Photo: Laurence Griffiths (Getty)

It’s generally not a good testament to a soccer match’s quality when the most compelling footage taken from the game involves a couple of guys talking to each other. That was the case for yesterday’s hyped-up Liverpool vs. Manchester City match, a clash that had everyone who’d tuned in giddy to watch the explosion of some military-grade fireworks, but in fact featured little more than a handful of poppers.

The chats in question were two-fold, and both related to the late-game penalty kick that probably should’ve given Manchester City the victory. The first was when Riyad Mahrez had to tell Gabriel Jesus, who had been readying himself to shoot, that the manager wanted the Algerian to take the spot kick. The visibly taken-aback Jesus stepped aside to let Mahrez shoot what almost certainly would’ve been the winning goal, only to then watch Mahrez send the ball miles over the goal frame.

The second talk came after the match, when City manager Pep Guardiola made a point to discuss something—probably his ill-fated decision to have Mahrez take the penalty—with Jesus out there on the pitch in Guardiola’s typically intense, personal-space-invading manner. In both moments Jesus’s disappointment and frustration is etched on his face. Jesus later confessed to the media that he was “not happy” when told he wouldn’t be taking the penalty, and Guardiola publicly apologized for denying his young striker the chance to be the hero. It’s not much, but it’s just about all the genuine intrigue the otherwise unremarkable match had to offer:

Surrounding those two discussions, a star-studded match between two of the best teams in the world broke out—or failed to break out, as it were. Both Man City and Liverpool are usually forces of pure destruction, at their best when they completely rend the opposition’s gameplan into tiny strips and make party favors out of the homemade confetti. The four Liverpool-City matches we were treated to last season—twice in the Premier League and twice more in a Champions League quarterfinal tie—featured more than their fair share of mutual shredding. Between those four matches, the two teams combined to score 18 goals in what were some of the most thrilling encounters of the entire European season.

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Hence why everyone expected so much from Sunday’s contest, and why the exponentially more subdued affair was so underwhelming. Evidently, neither team wanted to open itself up to the kind of attacking mayhem that was the norm during last season’s matches. Because of this, neither team could really do what they do best. There were fewer shots on target (4) in this weekend’s edition of the budding rivalry than there were average goals (4.5) in last season’s four matches of glorious anarchy. In the end, both Liverpool and City succeeded in stymying the other, and both failed in coupling that with a good attacking strategy in the other direction. The 86th minute penalty decision in City’s favor was totally fair, but so was the resulting 0-0 draw between these two teams that seemed more afraid to lose than intent on winning.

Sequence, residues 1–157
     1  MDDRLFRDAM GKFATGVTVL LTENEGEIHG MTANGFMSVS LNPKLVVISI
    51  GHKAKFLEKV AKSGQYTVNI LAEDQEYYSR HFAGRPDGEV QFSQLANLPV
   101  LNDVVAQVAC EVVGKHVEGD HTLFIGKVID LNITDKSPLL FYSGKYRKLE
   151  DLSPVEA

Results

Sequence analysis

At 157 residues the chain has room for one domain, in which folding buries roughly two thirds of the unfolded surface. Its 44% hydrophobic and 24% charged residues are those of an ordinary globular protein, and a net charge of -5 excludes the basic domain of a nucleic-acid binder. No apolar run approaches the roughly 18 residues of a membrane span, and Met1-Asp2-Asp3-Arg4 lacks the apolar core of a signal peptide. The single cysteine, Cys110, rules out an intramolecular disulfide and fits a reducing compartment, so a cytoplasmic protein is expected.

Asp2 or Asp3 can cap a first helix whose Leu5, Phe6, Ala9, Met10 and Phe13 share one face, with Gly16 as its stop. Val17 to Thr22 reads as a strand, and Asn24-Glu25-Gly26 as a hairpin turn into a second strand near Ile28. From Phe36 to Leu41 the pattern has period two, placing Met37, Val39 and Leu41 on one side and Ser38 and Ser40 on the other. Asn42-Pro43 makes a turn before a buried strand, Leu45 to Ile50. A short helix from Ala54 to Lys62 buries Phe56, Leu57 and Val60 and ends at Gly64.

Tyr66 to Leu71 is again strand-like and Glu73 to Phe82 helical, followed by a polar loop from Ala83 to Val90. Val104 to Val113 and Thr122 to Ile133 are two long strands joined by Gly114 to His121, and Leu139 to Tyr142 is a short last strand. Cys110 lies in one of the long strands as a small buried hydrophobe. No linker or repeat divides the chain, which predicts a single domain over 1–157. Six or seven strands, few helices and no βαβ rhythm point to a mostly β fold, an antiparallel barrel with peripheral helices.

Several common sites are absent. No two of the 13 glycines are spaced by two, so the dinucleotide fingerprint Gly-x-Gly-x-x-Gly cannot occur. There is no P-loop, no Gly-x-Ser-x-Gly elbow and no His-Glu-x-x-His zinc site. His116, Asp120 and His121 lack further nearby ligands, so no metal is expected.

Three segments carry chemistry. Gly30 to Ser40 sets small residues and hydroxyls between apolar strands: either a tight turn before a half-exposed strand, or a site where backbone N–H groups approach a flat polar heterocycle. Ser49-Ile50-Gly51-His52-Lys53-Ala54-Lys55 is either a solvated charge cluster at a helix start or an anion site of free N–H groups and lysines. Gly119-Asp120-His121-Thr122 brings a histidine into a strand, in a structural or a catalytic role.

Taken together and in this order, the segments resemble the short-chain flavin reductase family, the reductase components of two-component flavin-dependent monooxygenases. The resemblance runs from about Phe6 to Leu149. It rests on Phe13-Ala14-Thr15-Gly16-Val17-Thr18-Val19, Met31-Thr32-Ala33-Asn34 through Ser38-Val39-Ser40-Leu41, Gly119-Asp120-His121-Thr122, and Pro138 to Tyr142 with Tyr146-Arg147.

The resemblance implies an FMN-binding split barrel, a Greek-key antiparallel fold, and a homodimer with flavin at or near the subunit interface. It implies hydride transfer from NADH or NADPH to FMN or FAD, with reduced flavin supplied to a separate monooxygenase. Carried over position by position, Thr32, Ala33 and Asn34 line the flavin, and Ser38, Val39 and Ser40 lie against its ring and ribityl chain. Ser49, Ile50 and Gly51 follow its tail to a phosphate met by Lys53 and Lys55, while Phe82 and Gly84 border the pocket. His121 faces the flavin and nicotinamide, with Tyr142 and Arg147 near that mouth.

The drabness of the match didn’t take away from its importance, however. In many ways, this is a scoreless draw that should feel like a win for the Manchester club. City’s style of play—complete domination of the ball and a methodical process for getting the ball into the other team’s net to go with it—and absurd attacking depth—remember, the Citizens have missed their best player, Kevin De Bruyne, for about two months now and have hardly skipped a beat—makes them masters of league play. Winning a league is more about the consistent ability to drown the many inferior teams in a torrent of goals than it is about keeping your own head above water in the handful of matches against fellow title rivals. City can score goals in their sleep against the vast majority of Premier League teams with their A-team, B-team, and even C-team, which is why they are such big favorites to repeat as champions.

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Liverpool, in contrast, have a playing style better suited to matches against relative equals—it’s no coincidence that Liverpool beat City en route to their place in the final of the Champions League last season while finishing a distant third place behind City’s record-breaking Premier League pace—but that isn’t quite as routinely ruthless against opponents of lesser quality. Mostly this is due to Liverpool’s lack of depth. While the club’s addition of Xherdan Shaqiri and the (knock on wood) current health of Daniel Sturridge gives the Pool Boys a much deeper bench than they had last year, you’d still be smart to bet on City’s style and depth carrying the day against the likes of Bournemouth and West Ham and Cardiff more often than Liverpool’s.

If Liverpool are to mount a legitimate challenge for the league title, they will likely need to rely on their ability to pick up points in direct competition with the other top four hopefuls at a higher clip than what City can manage. Settling for a draw at home against City, even with the two teams currently level on points atop the EPL table, is more of a missed opportunity than a boon. It’s too early to seriously worry about your team’s title chances if you’re a Liverpool fan, but if City wind up doing what they are expected to by winning the league once again this season, it’ll be because the Reds dropped points in matches like Sunday’s. Their task now is to keep pace with City until their next matchup on New Year’s Day, and to not let the opportunity to strike a real blow pass them by again.